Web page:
Confucianism has shaped a certain perception of Chinese security strategy, symbolized by the defensive, nonaggressive Great Wall. Many believe China is antimilitary and reluctant to use force against its enemies. Instead, the country practices pacifism and refrains from expanding its boundaries, even when nationally strong.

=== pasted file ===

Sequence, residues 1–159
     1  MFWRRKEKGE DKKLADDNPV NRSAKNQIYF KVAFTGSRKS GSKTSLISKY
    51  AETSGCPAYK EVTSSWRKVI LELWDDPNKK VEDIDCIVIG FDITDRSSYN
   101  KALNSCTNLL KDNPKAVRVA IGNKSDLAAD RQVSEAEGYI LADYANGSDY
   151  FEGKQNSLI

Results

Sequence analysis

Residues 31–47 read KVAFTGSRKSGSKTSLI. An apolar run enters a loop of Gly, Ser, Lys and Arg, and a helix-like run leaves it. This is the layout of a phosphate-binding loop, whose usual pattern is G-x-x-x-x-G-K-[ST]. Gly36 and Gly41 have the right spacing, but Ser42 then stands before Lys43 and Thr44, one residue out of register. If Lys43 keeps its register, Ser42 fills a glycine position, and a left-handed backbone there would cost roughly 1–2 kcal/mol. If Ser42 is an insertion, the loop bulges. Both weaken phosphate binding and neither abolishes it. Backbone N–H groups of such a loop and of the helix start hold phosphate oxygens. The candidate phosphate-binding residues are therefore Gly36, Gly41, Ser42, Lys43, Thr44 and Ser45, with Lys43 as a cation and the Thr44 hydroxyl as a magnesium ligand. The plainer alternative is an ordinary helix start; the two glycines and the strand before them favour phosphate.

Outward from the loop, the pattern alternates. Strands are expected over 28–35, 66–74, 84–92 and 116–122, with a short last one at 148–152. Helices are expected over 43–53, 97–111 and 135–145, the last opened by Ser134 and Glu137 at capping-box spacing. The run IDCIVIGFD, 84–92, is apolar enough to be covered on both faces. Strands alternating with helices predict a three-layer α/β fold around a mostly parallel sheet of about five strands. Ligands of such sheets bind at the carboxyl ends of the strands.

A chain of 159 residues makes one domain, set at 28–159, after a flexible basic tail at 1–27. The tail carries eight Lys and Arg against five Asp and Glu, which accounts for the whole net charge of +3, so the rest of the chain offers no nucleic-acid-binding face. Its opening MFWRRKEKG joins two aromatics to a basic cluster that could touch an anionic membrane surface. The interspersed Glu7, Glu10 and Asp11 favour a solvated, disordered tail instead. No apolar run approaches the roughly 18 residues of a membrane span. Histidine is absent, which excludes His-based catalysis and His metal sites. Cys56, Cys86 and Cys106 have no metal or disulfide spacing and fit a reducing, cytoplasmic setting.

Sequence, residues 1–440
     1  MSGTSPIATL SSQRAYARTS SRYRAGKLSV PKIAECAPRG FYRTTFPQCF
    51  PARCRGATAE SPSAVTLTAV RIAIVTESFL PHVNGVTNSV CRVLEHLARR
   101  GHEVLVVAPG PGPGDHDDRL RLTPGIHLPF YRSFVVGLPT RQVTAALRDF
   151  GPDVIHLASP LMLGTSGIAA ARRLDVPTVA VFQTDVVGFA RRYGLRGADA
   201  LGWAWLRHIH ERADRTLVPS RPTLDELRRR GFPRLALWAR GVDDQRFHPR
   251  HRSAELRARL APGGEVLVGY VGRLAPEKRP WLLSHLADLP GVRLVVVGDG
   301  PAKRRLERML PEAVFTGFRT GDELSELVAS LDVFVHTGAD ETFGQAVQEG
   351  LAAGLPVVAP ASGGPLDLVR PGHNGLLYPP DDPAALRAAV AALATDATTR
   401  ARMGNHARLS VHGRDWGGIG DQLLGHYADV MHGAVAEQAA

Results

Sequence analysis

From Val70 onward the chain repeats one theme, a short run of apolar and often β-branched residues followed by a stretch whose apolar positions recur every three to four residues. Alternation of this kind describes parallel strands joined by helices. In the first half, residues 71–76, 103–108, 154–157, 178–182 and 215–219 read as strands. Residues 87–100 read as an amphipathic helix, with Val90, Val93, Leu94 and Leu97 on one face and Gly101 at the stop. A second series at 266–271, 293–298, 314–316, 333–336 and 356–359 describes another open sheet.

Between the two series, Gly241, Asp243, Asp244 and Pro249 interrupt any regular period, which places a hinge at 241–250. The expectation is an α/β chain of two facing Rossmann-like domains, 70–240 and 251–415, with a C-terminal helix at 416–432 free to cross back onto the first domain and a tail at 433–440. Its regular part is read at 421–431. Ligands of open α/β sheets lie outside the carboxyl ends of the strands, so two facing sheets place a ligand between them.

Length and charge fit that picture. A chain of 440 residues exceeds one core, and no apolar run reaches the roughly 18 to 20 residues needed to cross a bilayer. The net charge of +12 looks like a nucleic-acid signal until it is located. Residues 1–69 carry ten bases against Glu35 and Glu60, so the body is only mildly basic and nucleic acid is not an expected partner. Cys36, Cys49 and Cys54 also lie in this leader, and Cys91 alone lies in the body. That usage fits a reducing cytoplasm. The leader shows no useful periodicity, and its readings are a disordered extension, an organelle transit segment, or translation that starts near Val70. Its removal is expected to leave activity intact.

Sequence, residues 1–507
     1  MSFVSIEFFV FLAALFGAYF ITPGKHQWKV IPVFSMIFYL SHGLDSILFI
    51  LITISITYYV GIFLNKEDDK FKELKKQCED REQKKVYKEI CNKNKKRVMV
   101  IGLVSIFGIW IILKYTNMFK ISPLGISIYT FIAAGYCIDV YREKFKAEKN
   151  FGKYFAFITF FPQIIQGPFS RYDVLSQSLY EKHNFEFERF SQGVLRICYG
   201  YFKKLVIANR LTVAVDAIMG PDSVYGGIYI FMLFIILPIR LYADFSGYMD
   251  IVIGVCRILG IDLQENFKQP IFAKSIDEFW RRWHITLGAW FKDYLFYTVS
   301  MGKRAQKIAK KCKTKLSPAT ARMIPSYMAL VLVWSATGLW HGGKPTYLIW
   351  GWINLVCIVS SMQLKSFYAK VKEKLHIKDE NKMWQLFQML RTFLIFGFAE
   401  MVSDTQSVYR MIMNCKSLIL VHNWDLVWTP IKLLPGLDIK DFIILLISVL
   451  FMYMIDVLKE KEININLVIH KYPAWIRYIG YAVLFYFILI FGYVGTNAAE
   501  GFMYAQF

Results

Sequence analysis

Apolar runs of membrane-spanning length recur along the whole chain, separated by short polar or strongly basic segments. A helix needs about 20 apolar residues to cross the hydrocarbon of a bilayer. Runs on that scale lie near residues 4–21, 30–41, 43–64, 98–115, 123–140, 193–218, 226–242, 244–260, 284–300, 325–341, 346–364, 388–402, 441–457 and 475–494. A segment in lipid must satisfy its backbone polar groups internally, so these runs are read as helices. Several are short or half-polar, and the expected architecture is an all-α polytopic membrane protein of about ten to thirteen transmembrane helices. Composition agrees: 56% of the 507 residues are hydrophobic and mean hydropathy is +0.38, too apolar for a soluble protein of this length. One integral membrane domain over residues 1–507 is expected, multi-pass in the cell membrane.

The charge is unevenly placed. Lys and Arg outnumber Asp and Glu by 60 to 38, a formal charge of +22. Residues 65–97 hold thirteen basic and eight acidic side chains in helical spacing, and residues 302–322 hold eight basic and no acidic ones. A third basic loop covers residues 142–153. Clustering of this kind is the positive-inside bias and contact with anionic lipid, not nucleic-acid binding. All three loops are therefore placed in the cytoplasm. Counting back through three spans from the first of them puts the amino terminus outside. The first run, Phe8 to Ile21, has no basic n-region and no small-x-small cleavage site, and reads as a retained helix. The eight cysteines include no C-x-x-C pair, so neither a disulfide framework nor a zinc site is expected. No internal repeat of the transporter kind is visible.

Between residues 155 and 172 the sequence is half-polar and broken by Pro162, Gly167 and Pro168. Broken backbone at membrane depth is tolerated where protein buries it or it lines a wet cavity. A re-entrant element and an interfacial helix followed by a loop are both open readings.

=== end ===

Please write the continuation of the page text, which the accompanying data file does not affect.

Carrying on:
In a path-breaking study that travels seven hundred years of Chinese history, Yuan-kang Wang resoundingly discredits this notion, recasting China as a practitioner of realpolitik and a ruthless purveyor of expansive grand strategies. Leaders of the Song Dynasty (960-1279) and Ming Dynasty (1368-1644) prized military force and shrewdly assessed the strength of China's adversaries. They adopted defensive strategies only when their country was weak and pursued expansive goals, such as territorial acquisition, enemy destruction, and total military victory, when their country was strong. Despite the dominance of an antimilitarist Confucian culture, warfare was not uncommon in the bulk of Chinese history. Grounding his research in primary Chinese sources, Wang outlines a politics of power that are crucial to understanding China's strategies today, especially its policy of "peaceful development," which it has adopted only because of military, economic, and technological weakness in relation to the United States.